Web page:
Thursday, November 29, 2018

Young Writer Award: Elmet by Fiona Mozley

Next Thursday, a week today, the winner of the Sunday Times/Peters Fraser and Dunlop Young Writer of the Year Award will be announced. I've been too busy in the last ten days or so to blog or even do much reading - mainly I've been working on an essay for a textbook of essays by second-generation Irish writers, which has needed huge contemplation and the deep scouring of my memory and so has taken up most of my mental capacity. However, having got that and other stuff out of the way, I'm now intending to finish reading the shortlist before that date. (Wish me luck: I still have three of them to read, including Imogen Hermes Gowar's 500-page whopper The Mermaid and Mrs Hancock!)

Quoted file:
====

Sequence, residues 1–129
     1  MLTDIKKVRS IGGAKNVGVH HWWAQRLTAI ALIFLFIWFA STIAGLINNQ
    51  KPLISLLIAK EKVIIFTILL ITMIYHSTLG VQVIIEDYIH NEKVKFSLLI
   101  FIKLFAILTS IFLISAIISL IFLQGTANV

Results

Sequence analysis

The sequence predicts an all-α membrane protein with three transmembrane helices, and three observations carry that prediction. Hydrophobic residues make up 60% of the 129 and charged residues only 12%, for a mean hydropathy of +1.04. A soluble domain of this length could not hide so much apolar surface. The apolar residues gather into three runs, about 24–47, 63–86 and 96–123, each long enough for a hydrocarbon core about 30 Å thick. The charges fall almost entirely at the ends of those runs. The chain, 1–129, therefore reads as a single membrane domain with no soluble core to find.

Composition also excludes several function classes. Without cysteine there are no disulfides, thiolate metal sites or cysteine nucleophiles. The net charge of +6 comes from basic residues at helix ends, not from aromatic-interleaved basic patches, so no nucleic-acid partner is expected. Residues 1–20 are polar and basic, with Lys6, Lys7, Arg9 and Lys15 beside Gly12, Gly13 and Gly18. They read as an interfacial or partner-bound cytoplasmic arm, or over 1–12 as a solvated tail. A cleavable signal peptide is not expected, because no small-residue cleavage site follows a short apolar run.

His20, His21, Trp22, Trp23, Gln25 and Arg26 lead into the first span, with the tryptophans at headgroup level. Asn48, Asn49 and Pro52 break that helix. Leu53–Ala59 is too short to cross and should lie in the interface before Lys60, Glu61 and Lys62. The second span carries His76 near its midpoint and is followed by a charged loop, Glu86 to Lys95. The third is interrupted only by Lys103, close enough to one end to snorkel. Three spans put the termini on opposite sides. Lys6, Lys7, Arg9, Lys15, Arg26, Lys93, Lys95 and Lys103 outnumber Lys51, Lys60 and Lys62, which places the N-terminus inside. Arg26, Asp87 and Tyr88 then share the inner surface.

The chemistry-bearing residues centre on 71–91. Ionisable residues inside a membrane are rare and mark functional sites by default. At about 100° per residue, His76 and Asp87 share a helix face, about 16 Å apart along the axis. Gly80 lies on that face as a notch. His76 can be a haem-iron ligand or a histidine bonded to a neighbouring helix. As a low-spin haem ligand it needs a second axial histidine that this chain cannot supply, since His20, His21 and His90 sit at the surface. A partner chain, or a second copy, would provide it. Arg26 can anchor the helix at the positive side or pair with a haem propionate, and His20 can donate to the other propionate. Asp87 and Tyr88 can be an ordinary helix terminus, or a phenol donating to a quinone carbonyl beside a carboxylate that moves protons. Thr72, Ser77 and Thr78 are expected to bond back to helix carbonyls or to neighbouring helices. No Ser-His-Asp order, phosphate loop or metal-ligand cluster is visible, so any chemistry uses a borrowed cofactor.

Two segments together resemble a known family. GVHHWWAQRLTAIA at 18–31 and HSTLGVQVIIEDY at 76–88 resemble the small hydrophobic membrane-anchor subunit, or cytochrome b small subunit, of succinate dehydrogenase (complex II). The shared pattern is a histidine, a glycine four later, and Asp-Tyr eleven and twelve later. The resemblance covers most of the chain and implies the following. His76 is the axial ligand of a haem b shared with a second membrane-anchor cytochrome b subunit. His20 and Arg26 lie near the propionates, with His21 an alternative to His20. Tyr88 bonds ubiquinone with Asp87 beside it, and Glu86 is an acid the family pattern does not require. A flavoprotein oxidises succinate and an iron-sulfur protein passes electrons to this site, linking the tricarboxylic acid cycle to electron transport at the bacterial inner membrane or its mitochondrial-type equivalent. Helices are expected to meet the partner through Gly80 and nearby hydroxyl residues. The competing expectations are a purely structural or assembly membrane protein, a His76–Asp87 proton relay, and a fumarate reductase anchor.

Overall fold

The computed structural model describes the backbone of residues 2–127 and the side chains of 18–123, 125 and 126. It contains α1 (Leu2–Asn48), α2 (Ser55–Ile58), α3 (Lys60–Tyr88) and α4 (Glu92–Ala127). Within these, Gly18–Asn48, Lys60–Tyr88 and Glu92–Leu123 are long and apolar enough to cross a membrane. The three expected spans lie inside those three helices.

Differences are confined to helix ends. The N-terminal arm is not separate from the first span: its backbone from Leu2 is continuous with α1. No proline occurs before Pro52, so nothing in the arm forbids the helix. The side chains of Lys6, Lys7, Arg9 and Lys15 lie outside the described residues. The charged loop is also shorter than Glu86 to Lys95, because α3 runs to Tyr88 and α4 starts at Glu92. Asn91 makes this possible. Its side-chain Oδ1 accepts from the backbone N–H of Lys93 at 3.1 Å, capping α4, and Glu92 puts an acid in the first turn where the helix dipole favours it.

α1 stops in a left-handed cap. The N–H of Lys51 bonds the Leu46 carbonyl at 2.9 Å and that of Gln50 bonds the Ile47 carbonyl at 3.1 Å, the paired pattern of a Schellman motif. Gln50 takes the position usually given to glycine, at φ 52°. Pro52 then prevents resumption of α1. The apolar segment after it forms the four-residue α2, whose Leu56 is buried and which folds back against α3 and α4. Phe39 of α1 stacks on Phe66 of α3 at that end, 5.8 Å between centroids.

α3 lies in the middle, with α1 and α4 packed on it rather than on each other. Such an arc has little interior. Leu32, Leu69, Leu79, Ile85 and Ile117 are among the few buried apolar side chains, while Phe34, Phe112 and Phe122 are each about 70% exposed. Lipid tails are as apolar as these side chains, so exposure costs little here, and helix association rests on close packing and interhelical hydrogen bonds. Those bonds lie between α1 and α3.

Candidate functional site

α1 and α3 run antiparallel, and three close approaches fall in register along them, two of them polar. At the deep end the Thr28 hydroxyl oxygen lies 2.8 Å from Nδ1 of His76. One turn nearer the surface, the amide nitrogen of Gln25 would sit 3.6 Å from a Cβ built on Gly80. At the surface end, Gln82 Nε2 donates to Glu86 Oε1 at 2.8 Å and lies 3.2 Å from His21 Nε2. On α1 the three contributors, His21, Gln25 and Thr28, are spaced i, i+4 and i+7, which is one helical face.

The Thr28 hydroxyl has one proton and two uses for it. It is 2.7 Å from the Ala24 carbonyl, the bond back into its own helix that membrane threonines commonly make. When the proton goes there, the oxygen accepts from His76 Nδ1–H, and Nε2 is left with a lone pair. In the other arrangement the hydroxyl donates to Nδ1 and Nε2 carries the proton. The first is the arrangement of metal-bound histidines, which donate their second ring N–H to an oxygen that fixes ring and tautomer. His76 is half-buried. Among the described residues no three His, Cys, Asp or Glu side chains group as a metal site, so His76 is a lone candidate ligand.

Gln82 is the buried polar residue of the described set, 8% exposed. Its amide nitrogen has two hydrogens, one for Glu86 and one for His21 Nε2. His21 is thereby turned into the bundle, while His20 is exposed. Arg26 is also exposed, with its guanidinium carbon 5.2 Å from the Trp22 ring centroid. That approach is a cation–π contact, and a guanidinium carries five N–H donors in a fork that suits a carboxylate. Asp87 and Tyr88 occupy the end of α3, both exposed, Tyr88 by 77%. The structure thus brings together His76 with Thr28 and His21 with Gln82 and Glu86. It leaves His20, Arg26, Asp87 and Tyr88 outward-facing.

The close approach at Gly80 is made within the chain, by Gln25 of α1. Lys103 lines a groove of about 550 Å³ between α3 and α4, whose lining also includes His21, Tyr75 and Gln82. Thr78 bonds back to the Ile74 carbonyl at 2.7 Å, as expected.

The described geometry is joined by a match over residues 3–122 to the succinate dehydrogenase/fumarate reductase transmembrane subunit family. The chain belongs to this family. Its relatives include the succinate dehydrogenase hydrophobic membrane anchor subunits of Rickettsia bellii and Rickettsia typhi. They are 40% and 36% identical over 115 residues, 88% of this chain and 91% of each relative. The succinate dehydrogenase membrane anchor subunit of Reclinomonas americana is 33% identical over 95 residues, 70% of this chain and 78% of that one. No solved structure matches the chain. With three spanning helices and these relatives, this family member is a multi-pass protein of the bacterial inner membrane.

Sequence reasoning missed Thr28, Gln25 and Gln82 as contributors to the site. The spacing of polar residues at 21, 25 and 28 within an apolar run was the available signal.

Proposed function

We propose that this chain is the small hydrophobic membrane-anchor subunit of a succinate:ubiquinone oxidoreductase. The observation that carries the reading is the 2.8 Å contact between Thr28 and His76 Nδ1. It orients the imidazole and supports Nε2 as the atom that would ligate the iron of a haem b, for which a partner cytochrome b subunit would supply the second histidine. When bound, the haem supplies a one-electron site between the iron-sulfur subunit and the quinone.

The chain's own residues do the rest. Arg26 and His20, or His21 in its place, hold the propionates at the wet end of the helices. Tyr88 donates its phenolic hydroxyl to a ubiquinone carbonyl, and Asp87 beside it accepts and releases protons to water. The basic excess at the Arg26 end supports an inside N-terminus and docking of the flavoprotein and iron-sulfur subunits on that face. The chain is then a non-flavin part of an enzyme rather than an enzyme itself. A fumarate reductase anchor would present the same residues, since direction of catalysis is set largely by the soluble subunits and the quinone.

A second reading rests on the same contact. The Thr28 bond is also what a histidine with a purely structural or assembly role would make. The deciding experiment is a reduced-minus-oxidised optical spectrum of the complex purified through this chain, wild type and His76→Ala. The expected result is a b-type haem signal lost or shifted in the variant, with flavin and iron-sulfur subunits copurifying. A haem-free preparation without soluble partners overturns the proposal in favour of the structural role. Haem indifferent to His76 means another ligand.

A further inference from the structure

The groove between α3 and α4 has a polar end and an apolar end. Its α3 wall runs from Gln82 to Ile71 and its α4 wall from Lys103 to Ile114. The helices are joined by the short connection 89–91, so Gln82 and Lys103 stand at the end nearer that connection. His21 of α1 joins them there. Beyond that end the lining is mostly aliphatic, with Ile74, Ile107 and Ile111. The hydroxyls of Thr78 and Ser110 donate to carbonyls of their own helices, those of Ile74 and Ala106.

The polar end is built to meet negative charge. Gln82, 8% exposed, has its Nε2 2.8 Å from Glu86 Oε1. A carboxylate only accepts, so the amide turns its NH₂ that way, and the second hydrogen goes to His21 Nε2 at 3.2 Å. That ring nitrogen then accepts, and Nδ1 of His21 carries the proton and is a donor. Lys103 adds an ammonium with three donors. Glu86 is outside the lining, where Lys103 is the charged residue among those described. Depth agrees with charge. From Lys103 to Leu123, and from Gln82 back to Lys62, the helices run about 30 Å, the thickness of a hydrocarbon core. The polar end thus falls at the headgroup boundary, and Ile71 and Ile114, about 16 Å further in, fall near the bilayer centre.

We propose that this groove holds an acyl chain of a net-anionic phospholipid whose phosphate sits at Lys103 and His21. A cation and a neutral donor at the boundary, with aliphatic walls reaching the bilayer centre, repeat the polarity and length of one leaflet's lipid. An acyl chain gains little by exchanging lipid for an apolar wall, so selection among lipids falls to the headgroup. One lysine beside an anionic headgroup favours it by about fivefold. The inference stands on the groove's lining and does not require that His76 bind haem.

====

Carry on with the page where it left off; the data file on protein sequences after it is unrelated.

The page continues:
I have read Fiona Mozley's Elmet, however. There are books you can think good but which basically you can take or leave, and there are books that take you, grab you by the scruff of the neck and refuse to let go until the final page, leaving you drained yet filled, adrenalin-drained but filled with huge emotion, and with wonder, and a different view of the world. Fiona's book is one of the latter. The story of Daniel, who lives with his father and sister in a house they have built in a Yorkshire wood, the remains of the Celtic Kingdom of Elmet, it deals with an aspect of society that you don't see much in fiction - a world of drifters existing on the edges of society, and the violence that erupts when the two come into conflict over land and property. When such people do appear in fiction, they are usually held in the stranglehold of an author's middle-class voice (which always makes me feel weary!), but that is by no means the case here. I don't know how Fiona has done it - she seems such a nice young woman! - but she has tapped right into the ethos and psychology of that world with an earthy yet lyrical register that seems entirely authentic. I was coming towards the end of this book one afternoon when I needed to go shopping for food for visitors arriving that evening, but I just couldn't move. Darkness came down outside, but I couldn't even make myself get up to switch on the overhead light, and as I sat beside the fire coming to the violent end of the story, my heart was pounding with excitement and dread and my eyes were filled with tears of both joy and despair. I don't think the book's entirely perfect - I would say that sometimes the sensibility and articulacy are too sophisticated for its narrator Daniel - but I forgive it that utterly for its insight, its language, its bravery, and the experience it gave me, and quite frankly, for a debut it's amazing.
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